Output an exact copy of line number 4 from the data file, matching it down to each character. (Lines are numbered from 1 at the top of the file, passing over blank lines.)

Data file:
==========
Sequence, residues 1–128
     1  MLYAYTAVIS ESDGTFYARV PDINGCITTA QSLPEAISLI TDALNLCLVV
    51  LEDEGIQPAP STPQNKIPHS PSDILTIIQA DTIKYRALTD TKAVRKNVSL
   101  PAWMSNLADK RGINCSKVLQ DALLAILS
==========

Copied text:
   101  PAWMSNLADK RGINCSKVLQ DALLAILS